Lawyers, on the whole, make pretty poor business owners. Ask any MBA graduate or marketing guru. I never gave this a second thought during my first decade of practice, when I was too busy wondering why I wasn’t earning as much as some of my classmates (while admittedly earning more than others) to think about the bottom line. It turns out, however, that stars really must align in order for a billed hour to ripen into a collected greenback. A client is needed who not only can afford to pay, but who will pay. This axiom is apparently so obvious that most law schools don’t waste even a minute teaching it. Go figure.
Talk of alternative fee arrangements is all the rage. While opinions differ about which arrangements work, or are really “alternative,” I can identify one arrangement that is virtually guaranteed to fail, eventually: I call it the “hourly-contingency” model.
I was introduced to the mechanics of the hourly-contingency model by a colleague with whom I worked a few years back. I considered him a dunce then, and I remember him as one now. But I’ve come to realize that the hourly-contingency model as he structured it — however inadvertently — is actually a common practice by litigators everywhere, from solo practitioners to BigLaw firms.
Here’s what I’m talking about. A client finds her way into your office with a set of facts that simply scream for redress. It’s a business spat, a breached contract or a real estate deal gone bad. Her case is sufficiently textbook. There are promising facts on the plus side and manageable details on the negative. The biggest plus of all is a solvent defendant. You discuss costs; she’s prepared to pay. You sign her up and you’re off to the races.
Things start out well. The opposition balks at your demand. This was expected. You file a complaint, exchange discovery, some documents, emails, computer files, etc. Some key early depositions are conducted. The facts that made the case attractive remain strong and you continue to believe you can manage the negatives. But one thing does change: your client, so gung-ho to sue and so prompt to pay at the outset, has been slow to return calls and even slower to pay her bill. As soon as her A/R hits 90 days you call her in for the “talk.”
As you expected, money has gotten tight. Your client still wants to pursue the case and promises to pay, but just simply can’t right now. You extract a small check toward her A/R, send her on her way and privately vow to handle the case more “economically” going forward, at least until your client gets current.
Only your client never gets current. And your opposition decides to ramp things up, making it impossible to handle the case more economically. A few months and another “talk” with the client yield nothing, not even another check toward her now rapidly growing A/R. Well, you think, the case should settle soon, and she can get current with the proceeds …
Where the story goes from here doesn’t matter. Or, actually, it makes all the difference, and that proves my point. Either the case settles or gets tried, a favorable result is reached and the client pays up, or things don’t go well and you end up eating a substantial chunk of your bill. When this happened to my … er … colleague, he ended up eating about $80,000 in unpaid fees, not because the client did not want to pay, but because she couldn’t and he had allowed the case to get into this unfortunate posture.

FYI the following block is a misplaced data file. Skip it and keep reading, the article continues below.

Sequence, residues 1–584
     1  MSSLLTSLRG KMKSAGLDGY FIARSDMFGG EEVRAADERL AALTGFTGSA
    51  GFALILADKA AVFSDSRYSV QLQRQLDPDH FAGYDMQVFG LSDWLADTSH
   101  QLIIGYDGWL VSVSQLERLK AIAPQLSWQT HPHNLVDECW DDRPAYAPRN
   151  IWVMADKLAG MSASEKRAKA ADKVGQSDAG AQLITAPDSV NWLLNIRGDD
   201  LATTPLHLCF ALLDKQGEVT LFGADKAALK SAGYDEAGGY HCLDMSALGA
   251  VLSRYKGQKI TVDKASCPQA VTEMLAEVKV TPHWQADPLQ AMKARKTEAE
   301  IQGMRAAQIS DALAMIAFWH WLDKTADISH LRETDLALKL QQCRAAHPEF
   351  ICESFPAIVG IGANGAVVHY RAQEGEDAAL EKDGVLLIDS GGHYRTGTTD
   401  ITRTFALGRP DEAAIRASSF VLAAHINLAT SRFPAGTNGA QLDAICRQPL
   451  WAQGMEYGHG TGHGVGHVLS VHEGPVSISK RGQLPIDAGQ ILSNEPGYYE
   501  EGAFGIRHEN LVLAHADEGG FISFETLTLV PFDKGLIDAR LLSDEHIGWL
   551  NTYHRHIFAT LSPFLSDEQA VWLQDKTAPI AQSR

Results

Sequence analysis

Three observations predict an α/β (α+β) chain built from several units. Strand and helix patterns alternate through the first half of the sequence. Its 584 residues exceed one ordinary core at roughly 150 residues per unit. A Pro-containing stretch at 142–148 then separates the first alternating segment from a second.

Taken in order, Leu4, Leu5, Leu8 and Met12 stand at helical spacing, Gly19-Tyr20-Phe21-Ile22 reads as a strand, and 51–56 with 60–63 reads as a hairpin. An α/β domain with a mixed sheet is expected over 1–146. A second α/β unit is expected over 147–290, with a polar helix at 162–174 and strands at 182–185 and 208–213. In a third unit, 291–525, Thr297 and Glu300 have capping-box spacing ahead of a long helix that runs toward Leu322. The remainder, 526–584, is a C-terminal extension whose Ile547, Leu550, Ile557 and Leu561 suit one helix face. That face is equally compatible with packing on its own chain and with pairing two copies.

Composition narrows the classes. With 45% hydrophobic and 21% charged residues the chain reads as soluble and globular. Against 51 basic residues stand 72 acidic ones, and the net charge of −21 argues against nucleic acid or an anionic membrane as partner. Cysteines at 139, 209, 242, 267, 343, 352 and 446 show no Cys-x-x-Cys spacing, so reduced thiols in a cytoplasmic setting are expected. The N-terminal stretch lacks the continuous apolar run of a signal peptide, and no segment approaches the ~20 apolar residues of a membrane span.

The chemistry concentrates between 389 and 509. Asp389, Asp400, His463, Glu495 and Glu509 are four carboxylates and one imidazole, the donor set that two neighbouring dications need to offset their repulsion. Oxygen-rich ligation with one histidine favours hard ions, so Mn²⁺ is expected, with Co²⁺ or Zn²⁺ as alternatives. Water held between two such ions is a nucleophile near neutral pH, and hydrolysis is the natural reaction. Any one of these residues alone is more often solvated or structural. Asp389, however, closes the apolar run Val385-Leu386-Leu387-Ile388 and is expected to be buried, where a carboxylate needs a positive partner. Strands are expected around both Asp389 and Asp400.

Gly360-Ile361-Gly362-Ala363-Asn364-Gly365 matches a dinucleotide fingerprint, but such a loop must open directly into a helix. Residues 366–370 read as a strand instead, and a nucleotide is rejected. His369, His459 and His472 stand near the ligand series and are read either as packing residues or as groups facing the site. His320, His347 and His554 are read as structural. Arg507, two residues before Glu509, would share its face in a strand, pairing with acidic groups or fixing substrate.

The hourly-contingency case. You bill clients for your time, but there’s no guarantee you’ll collect unless you win. But it’s not a true contingency fee because there’s no bonus for a great result to justify the gamble of taking the case on contingency. It’s not what either the lawyer or the client intended, but both acted in concert, if purely through inertia, to allow it to happen.
How do you keep an hourly case from unintentionally going contingency? It turns out it’s not terribly complicated, but it does require discipline. And it begins with a retainer check. I left this out of the hypo above, and I could just hear readers muttering under their breath, “Of course there’s a retainer, right?”
I left out the part about the retainer because lots of lawyers do business with new clients without a retainer. It’s not because lawyers, even those who lack business acumen, do not understand the wisdom of collecting a retainer up front, it’s that we really don’t enjoy doing it. It’s an uncomfortable conversation. But it’s a necessary one. Lawyers who are diligent about getting a retainer fee are less likely to get stuck holding the bag if a case, a client, or both go south.
Lawyers and clients can agree to apply the retainer to the first billings, or for the funds to be held in client trust until the close of the case, and applied to unpaid invoices or refunded at that time. Beware: all but the wealthiest clients will want — and may expect — the retainer to be applied right away. But this would be no help at all in our hypothetical above. The upshot is that it takes discipline, both to ask for the retainer, and to retain the retainer until the case is closed and the client is current.
If it takes discipline to protect yourself with a retainer, it takes far greater discipline to recognize you’re sliding into the hourly-contingency situation and to cut the client off. This is particularly true if, as in our hypothetical, you share your client’s belief in the quality of her case. And could there be a more uncomfortable conversation? The temptation exists to believe if you just hang on a little bit longer the case will settle and you’ll get paid.
It’s only with discipline, by tempering that temptation, that you can prevent a case that’s headed for the hourly-contingency sinkhole from getting there. Leave this particular alternative fee arrangement for someone else.